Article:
A Story Of Depression Not Mental Illness.

Vaibhav Tiwari
Jun 24, 2019   •  18 views

Depression, it’s not dull or catchy word but rather a state of mind sadly most of our young generation is suffering through. But people often confront depression as a mental illness rather than being the state of our mind, especially in India. In our Indian society, depression is this intense mental which is handled shamming and tag of “mental patient” in our society rather than helping the depressed and talking the way out of their condition. This condition of our society has already claimed many lives and if people still do not become aware, it will claim many more lives.

Today Depression is most found in budding teenagers and college students. Problems like home-sickness, heart-breaks,feeling of an outcast or fear of inferiority have taken the heart of today's teenagers. The reason behind this being the effects of Generation gap in our society. Generation Gap is a problem which every society of the world faces but it has a greater impact in India. Parents are obsessive to their children's academic achievements without acknowledging their personal lives . A survey tells that more 69% of Indian teenagers feel that they cannot talk to their parents about whatever that goes on in their life. The reason behind this feeling of Indian teens is that them feeling that they get dismissed by the parents while seeking someone to talk about their feelings . All this leads to children becoming more and more depressed.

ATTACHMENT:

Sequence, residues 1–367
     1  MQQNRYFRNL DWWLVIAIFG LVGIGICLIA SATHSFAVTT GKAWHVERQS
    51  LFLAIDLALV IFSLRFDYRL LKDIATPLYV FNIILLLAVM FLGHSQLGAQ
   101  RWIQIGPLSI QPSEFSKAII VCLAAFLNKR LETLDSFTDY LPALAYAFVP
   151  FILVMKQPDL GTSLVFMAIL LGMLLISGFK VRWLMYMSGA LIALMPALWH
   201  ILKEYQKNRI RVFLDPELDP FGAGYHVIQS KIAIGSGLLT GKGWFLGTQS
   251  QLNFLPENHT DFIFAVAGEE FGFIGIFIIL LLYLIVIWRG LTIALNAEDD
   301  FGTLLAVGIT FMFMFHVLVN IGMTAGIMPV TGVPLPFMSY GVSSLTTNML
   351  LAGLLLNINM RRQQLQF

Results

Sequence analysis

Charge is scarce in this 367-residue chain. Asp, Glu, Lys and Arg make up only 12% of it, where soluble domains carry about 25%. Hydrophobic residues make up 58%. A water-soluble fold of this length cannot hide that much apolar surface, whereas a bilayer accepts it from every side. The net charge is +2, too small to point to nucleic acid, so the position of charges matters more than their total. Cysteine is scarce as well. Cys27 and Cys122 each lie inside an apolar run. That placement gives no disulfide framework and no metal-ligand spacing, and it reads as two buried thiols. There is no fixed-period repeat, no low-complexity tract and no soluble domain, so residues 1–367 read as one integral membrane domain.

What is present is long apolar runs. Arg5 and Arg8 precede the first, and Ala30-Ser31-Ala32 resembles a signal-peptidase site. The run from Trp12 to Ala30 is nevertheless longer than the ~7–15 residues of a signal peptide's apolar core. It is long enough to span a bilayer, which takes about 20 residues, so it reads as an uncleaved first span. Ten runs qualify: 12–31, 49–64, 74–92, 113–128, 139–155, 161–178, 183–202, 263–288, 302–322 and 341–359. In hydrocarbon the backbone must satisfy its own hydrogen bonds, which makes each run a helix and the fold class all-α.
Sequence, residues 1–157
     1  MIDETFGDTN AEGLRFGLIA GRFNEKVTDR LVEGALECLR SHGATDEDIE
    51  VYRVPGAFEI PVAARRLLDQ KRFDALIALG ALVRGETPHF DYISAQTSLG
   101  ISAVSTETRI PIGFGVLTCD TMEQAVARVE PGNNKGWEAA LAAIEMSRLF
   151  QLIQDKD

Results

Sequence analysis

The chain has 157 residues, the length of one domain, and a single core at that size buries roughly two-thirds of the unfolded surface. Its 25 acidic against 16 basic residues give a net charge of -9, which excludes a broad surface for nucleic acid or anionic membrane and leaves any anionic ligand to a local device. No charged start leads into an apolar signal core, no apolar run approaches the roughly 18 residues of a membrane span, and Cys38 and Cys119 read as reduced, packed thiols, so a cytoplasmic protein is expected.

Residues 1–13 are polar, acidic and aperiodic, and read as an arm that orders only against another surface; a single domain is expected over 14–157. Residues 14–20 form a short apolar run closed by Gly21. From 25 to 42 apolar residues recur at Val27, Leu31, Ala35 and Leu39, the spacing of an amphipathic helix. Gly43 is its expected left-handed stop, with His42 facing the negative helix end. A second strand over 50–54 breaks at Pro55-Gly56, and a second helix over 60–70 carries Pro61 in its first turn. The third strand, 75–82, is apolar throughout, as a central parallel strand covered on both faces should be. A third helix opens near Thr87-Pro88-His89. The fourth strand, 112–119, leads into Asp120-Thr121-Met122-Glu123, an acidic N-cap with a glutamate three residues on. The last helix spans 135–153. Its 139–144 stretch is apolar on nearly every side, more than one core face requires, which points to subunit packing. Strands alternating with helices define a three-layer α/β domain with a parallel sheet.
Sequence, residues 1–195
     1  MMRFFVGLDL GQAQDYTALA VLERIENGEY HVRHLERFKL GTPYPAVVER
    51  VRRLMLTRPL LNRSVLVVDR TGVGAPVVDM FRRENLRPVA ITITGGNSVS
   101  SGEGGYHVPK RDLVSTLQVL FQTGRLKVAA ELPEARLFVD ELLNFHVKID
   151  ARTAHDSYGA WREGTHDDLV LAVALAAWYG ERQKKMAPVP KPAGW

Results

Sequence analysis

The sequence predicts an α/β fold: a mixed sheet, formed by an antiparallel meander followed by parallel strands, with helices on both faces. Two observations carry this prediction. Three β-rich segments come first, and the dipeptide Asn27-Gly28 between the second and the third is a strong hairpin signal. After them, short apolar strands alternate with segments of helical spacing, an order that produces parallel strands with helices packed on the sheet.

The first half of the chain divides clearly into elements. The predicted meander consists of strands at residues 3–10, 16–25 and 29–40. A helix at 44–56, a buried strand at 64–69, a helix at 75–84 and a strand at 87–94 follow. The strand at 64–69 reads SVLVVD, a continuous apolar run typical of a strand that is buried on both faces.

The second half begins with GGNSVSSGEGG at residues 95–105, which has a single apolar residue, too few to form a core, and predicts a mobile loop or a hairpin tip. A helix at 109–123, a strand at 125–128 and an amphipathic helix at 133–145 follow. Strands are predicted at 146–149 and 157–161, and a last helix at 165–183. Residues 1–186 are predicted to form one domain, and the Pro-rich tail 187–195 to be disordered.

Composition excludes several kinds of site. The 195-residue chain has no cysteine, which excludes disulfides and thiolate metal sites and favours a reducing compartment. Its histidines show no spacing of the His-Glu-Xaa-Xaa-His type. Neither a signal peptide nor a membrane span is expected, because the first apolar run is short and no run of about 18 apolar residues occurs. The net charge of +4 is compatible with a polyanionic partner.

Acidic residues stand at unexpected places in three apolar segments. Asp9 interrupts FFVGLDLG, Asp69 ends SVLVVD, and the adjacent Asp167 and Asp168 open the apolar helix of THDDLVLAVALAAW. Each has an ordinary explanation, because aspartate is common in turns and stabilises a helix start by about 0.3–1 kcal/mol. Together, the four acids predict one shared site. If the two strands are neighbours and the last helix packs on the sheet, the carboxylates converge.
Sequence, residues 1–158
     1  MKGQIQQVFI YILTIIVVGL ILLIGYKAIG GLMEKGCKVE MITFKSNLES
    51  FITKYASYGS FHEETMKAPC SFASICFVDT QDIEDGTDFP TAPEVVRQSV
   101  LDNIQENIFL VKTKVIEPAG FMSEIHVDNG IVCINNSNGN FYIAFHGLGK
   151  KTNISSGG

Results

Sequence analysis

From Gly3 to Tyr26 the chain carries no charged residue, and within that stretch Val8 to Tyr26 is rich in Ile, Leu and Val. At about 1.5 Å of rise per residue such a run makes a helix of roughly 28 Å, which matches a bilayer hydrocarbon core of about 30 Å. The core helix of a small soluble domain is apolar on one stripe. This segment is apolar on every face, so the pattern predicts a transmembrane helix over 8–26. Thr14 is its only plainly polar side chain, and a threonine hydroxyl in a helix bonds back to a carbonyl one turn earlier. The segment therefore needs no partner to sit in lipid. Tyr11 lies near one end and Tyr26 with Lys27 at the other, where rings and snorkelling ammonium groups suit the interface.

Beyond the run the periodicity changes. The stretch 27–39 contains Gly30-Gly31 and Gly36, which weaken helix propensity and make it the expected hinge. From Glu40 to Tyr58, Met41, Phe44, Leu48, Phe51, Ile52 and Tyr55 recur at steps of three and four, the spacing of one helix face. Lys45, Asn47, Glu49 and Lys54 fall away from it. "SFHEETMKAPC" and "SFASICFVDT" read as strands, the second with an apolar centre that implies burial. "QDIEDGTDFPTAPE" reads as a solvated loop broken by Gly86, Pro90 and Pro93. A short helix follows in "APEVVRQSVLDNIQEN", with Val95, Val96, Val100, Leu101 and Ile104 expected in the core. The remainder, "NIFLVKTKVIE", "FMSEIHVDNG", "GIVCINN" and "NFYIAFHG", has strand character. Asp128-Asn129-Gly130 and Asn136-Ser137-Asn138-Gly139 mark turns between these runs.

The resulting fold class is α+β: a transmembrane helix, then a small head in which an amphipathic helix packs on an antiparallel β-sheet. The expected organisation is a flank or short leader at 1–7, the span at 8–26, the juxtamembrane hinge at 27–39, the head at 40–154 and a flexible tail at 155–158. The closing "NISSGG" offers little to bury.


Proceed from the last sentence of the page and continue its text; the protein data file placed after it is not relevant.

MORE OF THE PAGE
Parents need to realize that everything is a part of life and no one thing can become someone’s entire life, even studying. The way studying is an important phase of our life, in the same way confronting emotions is also an important part of it and they should help their children to understand and face these emotions with the help of their experience. Parents should stop thinking about depression as “pagalpan” and rather help their children out of that phase by providing them proper help instead of hammering nails of society and reputation in their children’s condition which eventually becomes their coffin. We must treat depression as a phase, not a mental illness and should reassure our children of not being alone in this.

These two lines below are the story of many these days and we should hear and taken care of it, not crush it:

“Yes, I feel sorrow and yeah I do feel pain,

Some of it I do understand and

some it makes my eye rain,

But I do know the difference

between right and wrong and have not lost my sense of hope,

All I need is a little help and

guidance to cope,

I might be pathetic and not live

up to some name,


you need to understand that I am just Depressed and not Insane…”